Most people use their smartphone cameras to share pictures of their kids, pets, or lunch.
But those aren’t what is filling up Kelly Turkington’s inbox.
“People are going out into the field with a smartphone, taking a picture, and emailing to ask for a diagnosis,” the federal research scientist said at a recent workshop in Olds.
“We’re seeing more and more images floating our way.”
But there’s a problem — most of the smartphone pics sent to Turkington are “so-so.”
“If you have poor photography coupled with little or no background information, it’s going to make my job very, very difficult for getting you a timely diagnosis of what you may be looking at.”
So if you want Turkington’s advice on crop problems, you might want to first follow his advice on taking pictures of them.
More is better
Turkington usually takes between five to 10 pictures of the same plant tissue and then chooses the images that most clearly show the issue.
“I also take several pictures of both mature symptoms and symptoms that are just starting to develop,” he said, adding different disease stages can provide better context for the issue.
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Near and far
“Often I will… be sent pictures, a lovely picture of a leaf, but nothing else in that field and certainly not the root system,” Turkington said.
“It’s very difficult to tell issues when you’re not zooming in and providing some context in terms of what you’re looking at.”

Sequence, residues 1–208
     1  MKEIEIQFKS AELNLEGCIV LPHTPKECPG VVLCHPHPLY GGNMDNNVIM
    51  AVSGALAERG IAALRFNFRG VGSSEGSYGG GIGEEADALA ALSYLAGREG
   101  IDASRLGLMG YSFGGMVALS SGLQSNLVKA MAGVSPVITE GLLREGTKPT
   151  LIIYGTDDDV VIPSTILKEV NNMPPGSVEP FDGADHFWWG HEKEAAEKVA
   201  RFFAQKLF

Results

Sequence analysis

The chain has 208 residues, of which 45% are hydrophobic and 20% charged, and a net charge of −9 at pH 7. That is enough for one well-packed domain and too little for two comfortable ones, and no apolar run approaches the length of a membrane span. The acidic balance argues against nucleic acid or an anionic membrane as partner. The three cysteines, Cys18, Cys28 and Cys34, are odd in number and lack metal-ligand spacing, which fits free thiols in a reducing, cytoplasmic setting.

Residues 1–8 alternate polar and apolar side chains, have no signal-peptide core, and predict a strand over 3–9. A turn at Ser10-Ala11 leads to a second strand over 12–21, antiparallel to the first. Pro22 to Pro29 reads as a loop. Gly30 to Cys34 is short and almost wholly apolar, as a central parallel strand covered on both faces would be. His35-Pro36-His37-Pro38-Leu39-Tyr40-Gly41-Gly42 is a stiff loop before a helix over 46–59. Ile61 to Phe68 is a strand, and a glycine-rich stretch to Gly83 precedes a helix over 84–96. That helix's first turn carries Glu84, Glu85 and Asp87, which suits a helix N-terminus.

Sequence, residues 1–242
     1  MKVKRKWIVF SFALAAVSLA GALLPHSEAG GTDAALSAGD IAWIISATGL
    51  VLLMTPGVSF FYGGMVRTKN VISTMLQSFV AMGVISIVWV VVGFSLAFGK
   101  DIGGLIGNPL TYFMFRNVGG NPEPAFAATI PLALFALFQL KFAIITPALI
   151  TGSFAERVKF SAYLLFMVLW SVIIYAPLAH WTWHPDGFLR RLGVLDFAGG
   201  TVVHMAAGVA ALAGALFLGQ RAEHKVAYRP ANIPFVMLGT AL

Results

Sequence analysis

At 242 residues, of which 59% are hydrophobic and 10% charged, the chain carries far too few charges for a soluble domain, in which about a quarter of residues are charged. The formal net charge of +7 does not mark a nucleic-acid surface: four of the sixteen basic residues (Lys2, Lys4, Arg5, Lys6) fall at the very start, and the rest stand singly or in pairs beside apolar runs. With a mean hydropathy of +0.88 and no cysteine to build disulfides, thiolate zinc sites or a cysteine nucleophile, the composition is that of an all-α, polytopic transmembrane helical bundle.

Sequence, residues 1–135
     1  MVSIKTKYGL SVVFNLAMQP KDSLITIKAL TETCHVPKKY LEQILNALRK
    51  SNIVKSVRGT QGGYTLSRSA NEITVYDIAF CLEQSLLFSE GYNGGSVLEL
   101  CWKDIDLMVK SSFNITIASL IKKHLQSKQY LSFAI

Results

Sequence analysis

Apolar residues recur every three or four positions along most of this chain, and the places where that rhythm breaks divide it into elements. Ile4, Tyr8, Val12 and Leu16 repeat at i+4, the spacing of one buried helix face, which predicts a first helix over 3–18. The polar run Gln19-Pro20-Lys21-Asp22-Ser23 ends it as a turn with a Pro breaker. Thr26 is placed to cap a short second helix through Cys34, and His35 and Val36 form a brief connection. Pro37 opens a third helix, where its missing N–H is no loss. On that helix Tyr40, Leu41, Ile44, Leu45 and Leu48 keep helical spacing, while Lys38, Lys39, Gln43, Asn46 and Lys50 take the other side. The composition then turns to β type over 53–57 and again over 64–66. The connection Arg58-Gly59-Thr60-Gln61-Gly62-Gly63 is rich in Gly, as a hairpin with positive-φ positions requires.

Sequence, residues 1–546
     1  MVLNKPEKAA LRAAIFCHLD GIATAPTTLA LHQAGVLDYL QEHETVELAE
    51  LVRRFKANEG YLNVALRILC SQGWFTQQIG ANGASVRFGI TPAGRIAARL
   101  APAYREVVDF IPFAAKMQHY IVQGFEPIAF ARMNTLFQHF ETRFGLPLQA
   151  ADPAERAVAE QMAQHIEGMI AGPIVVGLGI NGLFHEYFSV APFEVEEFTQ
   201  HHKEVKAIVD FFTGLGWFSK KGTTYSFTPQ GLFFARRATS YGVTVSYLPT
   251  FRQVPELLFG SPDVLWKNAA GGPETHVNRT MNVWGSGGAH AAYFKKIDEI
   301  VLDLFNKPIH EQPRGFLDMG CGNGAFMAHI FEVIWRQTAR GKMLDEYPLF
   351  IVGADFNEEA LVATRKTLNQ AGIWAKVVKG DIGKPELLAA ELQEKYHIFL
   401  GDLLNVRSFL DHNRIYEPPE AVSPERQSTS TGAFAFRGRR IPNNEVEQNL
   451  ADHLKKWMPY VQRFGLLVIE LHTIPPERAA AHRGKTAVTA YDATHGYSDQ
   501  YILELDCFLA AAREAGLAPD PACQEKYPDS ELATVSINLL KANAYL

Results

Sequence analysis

In some cases, he takes samples to his office and scans them.
“It can be very hard to take a nice clear, in-focus picture that’s not blurry out in the field,” he said. “So I use the scanner to do the job for me.”
But for those in-field shots, Turkington recommends “an idiot-proof camera” over a smartphone or an expensive DSLR (digital single-lens reflex) camera.
“I just set it to auto everything — auto focus, auto exposure, auto-shutter speed — and it’s very easy to take pictures,” he said.
“A more expensive camera doesn’t necessarily mean better pictures.”
Before slipping into detective mode, “double-check the obvious.”
“I’ve seen a lot of misdiagnosis of leaf diseases in a variety of different crops based on plants simply being under drought stress or heat stress.”
Next, stand back and survey the field. Are the symptoms random or uniform?
“If you have uniform, regular, or very distinct patterns… that would suggest something related to equipment being used or product being put on,” he said.
In scientific crop talk, these are known as abiotic factors.
If it’s Mother Nature at work, you’ll see something quite different.
“If they seem to be developing and slowly increasing over time, that would tend to indicate a biotic issue where the pathogen or insect issue is building up in population,” he said.
“If it all of a sudden shows up overnight, that’s often associated with some field activity that’s been done, like pesticide application, fertility application, foliar fertilizers… or particular weather events.”
Growth stage is another key indicator of what’s going on in the field.
“If you’re going out and looking at the seedling stage, obviously it’s seedling disease issues. If it’s toward the end of the season, it may be mature crop disease issues.”
That’s why it’s “helpful to get background information,” especially on the field history, topography, and chemical use in the field, said Turkington.
While all of this may sound complicated, taking pictures in order to get a diagnosis is actually pretty simple, he said.
“Start with the big picture and narrow down, provide some useful background information, and usually the person you’ve sent the images to can come up with a fairly accurate diagnosis.”